stages, which supports that both ball carriers and tacklers need to be the focus of player
protection strategies in rugby league. A comparison of the incidence between ball carrier
and tackler HAE was not conducted in the present study due to the small and biased
sample (more forwards than backs). The small sample size also meant that exposure rates
and position specific data could not be reported. League-wide and community-level implementation of iMG could enable a greater understanding of head acceleration exposure
between playing positions, cohorts and levels of play [26]. In this study, 4.7% of HAE were
refiltered at 50 or 100 Hz (class 1 and 2 HAE). The authors are unaware of a scientific
justification for using lower cut-off frequencies for these HAE. The signal processing requirements of class 1 and 2 HAE should be explored further, as these could be of higher
magnitude than that reported by the iMG system. The head kinematics used to describe
HAE in this study (PLA, PAA and ΔPAV) also have limitations, such as ignoring directionality and temporal data (e.g., time pulse and frequency content) from the iMG kinematic signals, which may be important factors in predicting the degree of brain tissue
deformation from a contact event [27,28]. The use of finite element brain model-based
metrics may be more useful for describing HAE in future studies. Future work on the
relationship between HAE kinematics and clinical outcomes such as concussion risk could
potentially aid in the on-field decision-making process for sideline medical staff. Further
research is needed to qualitatively analyse initial collisions from a tackle technique (e.g.,
tackle height and tackle type) and player physical characteristic (e.g., height and weight)
perspective to inform concussion prevention and HAE mitigation strategies.
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5. Perspective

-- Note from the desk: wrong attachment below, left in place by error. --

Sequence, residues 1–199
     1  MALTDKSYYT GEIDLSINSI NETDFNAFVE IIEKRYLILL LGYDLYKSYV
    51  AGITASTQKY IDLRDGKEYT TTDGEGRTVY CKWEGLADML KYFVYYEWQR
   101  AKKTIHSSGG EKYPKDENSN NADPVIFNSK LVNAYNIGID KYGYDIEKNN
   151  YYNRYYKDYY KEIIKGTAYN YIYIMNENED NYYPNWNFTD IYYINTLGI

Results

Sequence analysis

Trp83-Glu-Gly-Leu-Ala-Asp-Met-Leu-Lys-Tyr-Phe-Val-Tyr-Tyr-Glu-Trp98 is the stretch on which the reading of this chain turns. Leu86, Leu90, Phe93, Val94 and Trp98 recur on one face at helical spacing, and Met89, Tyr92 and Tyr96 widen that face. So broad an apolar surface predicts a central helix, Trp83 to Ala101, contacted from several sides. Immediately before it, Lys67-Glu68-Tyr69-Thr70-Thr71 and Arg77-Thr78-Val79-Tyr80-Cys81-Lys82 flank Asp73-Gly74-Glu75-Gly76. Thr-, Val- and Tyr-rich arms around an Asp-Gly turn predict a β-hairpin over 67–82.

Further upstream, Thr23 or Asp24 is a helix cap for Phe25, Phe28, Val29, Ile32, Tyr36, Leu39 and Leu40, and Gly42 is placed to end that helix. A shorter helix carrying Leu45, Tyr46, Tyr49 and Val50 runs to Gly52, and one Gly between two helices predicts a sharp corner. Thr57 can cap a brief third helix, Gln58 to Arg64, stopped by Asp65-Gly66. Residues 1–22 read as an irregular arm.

This study is the first to measure HAE kinematics in elite-level rugby league players
using iMG. The majority of HAE from contact events are low in magnitude. Virtually all
HAE occur during a tackle, with the initial collision accounting for more HAE than secondary contact, ground contact and play the ball stages. The initial collision also led to
higher kinematics than other tackle stages, making it an area of focus for the development
of player protection strategies for both ball carriers and tacklers. League-wide and community-level implementation of iMG could enable a greater understanding of head acceleration exposure between playing positions, cohorts and levels of play.
Commented [M13]: For research articles with
Author Contributions:
writing—review and editing, X.X.; visualization
Funding: This research did not receive any specific grant from funding agencies in the public, commercial, or not-for profit sectors. The iMG were provided in kind by Prevent Biometrics for research
use. D.W. and M.A.D. are employed by Leeds Rhinos in a consultancy capacity. J.T., G.T., D.W., and
M.A.D. are undertaking a large-scale iMG study, funded by the Rugby Football League. The iMG
provider has not been determined.
methodology, X.X.; software, X.X.; validation,
X.X., Y.Y. and Z.Z.; formal analysis, X.X.;
investigation, X.X.; resources, X.X.; data curatio
X.X.; writing—original draft preparation, X.X.;
X.X.; supervision, X.X.; project administration,
X.X.; funding acquisition, Y.Y. All authors have
read and agreed to the published version of the
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Informed Consent Statement:
suggested change.
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Acknowledgments: We would like to acknowledge Prevent Biometrics for providing the instrumented mouthguards and continued technical support throughout the project and the players and
staff of Leeds Rhinos Rugby League club for making this study possible.
funding part information, any chnages are not
Conflicts of Interest:
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be used “Conceptualization, X.X. and Y.Y.;
Institutional Review Board Statement:
Data Availability Statement:
several authors, the following statements shoul
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Commented [M20]: Newly added information,
please confirm.
Commented [M21]: 2020 was changed into 2021
please help confirm